Broke heiress is blocked from accessing her $12MILLION fortune

An Australian heiress is set to inherit a whopping $12million fortune if she can fulfil a simple task: get a job. 

But Clare Brown says her father’s final request is unrealistic. 

The broke former private school girl is now contesting her father’s will in court after her trust blocked her from accessing the funds because she did not meet the requirements. 

‘Give me what is rightfully mine. I am suffering,’ she pleaded with her family on A Current Affair on Tuesday.

‘Can you please stop with the whole ”me getting a job”. It’s not happening. 

‘I am broke constantly and can’t do anything about it.’ 

Clare Brown is contesting her father’s will which states she cannot access her $12million inheritance 

Clare is living hand to mouth off welfare payments with her wife Lauren and their one-year-old daughter in Mount Druitt in Sydney’s western suburbs. 

Her life is a far cry from her upbringing in the city’s east with her successful stock broker father Chris, who sent her to one of Sydney’s most prestigious schools. 

Over the past few years, she was receiving a $500-a-week allowance from him while gaining government benefits – but says she was forced to hit up Centrelink because her father ‘kept cutting her off’ and she was being ‘financially abused’.

When Chris died in January, Clare was left the millions he won on the stock market so long as she meet two clauses: get a job and contribute something to society. 

But the mother-of-one says she is unable to work because she has Attention Deficit/Hyperactivity Disorder (ADHD).

‘I understand why these people want me to be a functioning member of society, however, you have to look at my diagnosis and realise that is not going to happen,’ she said.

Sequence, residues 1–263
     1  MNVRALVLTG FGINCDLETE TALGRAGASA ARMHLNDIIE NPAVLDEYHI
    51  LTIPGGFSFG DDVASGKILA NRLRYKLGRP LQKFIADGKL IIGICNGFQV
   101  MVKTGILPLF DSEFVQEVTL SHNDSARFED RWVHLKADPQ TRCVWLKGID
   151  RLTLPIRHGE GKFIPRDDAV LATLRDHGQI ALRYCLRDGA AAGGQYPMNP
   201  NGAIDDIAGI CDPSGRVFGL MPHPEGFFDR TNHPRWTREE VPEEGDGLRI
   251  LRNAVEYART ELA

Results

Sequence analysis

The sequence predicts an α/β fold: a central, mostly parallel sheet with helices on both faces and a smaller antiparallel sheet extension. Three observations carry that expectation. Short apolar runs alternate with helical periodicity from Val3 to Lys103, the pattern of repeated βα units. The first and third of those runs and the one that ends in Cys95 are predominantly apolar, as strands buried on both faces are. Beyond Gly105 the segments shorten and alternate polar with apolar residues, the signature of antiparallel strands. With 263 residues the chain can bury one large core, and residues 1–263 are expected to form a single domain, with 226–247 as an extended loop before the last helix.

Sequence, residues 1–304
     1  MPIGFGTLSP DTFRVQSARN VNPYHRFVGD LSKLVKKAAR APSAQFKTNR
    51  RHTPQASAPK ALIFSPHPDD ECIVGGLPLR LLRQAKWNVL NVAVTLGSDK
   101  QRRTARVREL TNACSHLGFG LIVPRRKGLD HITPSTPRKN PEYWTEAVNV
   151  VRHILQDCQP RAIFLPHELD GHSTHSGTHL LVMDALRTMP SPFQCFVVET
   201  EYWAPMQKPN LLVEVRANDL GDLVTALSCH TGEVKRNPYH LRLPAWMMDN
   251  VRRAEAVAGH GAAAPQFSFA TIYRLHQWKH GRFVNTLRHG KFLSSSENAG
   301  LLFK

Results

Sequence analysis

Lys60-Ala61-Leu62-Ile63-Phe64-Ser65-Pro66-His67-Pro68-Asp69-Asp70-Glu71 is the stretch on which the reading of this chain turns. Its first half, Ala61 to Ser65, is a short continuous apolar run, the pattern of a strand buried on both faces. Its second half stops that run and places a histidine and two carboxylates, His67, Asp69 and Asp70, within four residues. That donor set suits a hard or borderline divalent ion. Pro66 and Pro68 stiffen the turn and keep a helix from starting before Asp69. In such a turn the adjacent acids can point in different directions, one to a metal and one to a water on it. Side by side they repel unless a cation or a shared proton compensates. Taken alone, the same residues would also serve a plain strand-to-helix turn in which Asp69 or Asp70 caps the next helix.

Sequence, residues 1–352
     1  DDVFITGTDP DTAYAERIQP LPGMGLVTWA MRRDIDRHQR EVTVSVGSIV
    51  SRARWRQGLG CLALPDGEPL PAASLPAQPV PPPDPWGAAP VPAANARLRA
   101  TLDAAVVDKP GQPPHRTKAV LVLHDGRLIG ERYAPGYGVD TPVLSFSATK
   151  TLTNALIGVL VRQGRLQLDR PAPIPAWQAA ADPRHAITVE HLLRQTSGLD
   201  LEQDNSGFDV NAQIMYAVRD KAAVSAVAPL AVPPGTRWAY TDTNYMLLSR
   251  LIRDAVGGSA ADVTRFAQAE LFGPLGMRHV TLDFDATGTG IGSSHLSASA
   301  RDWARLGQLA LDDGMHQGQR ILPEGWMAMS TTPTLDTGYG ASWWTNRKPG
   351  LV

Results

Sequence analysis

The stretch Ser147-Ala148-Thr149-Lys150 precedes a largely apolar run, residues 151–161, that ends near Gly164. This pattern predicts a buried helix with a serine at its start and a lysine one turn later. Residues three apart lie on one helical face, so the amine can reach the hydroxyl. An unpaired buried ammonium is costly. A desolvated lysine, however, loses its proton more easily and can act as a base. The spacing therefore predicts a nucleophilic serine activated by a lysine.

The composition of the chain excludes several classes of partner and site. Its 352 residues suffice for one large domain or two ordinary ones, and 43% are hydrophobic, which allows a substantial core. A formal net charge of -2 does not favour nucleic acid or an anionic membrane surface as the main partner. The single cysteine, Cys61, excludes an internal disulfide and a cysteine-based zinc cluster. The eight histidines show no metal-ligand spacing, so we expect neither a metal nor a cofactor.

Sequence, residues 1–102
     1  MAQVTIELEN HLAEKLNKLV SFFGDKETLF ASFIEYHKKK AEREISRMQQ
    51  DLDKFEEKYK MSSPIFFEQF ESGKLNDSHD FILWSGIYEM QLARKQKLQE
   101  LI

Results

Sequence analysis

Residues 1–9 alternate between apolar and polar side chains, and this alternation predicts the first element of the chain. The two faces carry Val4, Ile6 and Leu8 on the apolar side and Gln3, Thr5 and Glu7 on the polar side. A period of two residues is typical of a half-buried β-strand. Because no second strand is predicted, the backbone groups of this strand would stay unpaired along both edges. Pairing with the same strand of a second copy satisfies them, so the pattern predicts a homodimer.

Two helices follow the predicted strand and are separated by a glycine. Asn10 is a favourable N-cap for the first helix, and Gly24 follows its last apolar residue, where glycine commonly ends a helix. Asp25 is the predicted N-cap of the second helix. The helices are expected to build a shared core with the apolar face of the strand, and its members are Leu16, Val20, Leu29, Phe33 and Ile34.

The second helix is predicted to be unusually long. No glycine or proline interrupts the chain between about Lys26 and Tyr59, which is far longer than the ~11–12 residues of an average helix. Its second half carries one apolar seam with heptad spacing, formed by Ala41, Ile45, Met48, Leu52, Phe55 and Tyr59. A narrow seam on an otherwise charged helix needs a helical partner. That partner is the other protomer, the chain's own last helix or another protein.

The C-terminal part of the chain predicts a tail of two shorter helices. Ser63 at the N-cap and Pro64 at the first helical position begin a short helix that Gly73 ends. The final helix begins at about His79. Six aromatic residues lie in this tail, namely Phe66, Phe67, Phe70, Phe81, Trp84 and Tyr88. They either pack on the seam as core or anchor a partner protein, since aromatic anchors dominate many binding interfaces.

She was left millions of dollars when her stock broker father Chris (pictured together) died in January

She was left millions of dollars when her stock broker father Chris (pictured together) died in January 

‘I am not going to learn how to drive because I have ADHD. I have the attention span of a gnat.’ 

Lauren said Clare – who has also been diagnosed as having high-functioning autism –  struggles to complete everyday tasks and to get things done the family requires a daily check list, which includes reminders for Ms Brown to eat.

‘She doesn’t have an executive function in the head,’ Lauren said. 

‘Our cats would not get fed, they would starve – because she would not remember that they need to eat.’

But Clare’s family allege the conditions are an excuse. 

Clare lives pay cheque to pay cheque with her partner Lauren (pictured) in Sydney's west

Clare lives pay cheque to pay cheque with her partner Lauren (pictured) in Sydney’s west 

 

Lauren said Clare needs a daily check list to function otherwise she would forget every day tasks

Lauren said Clare needs a daily check list to function otherwise she would forget every day tasks 

‘We’d like her to get a job and contribute to society. Instead of her agreeing to her dead dad’s wishes, she turned around and sued her trust.’

Clare and Lauren had been living in her father’s townhouse in the eastern suburbs before moving to Mount Druitt, with her family.

Jimmy’s twin brother then moved into the property for four years rent free under an agreement he forged with Chris in exchange for him carrying out renovations. 

‘We are at our wits end. 

‘We have done nothing but love Clare.’

Her cousin Jimmy (pictured) said it was 'embarrassing' as Clare  could be working and gaining access to her trust

Her cousin Jimmy (pictured) said it was ’embarrassing’ as Clare  could be working and gaining access to her trust

Clare’s single entry on her resume is previous part time work for Autism Australia. She also had a brief stint as a barista – which lasted less than an hour. 

Asked whether she wants to work, Clare said ‘yes and no’, citing the implications of her conditions. 

Clare, who has an National Disability Insurance Scheme (NDIS) carer, said recent cuts to the sector have made efforts to gain work more difficult as employers are less willing to ‘give people a chance’.

However, she said if her NDIS funding increases she may one day be able to get a job.

‘I just want what is rightfully mine. And I want these people to get out of their heads that I am ever going to get a job,’ she said. 

Read more at DailyMail.co.uk

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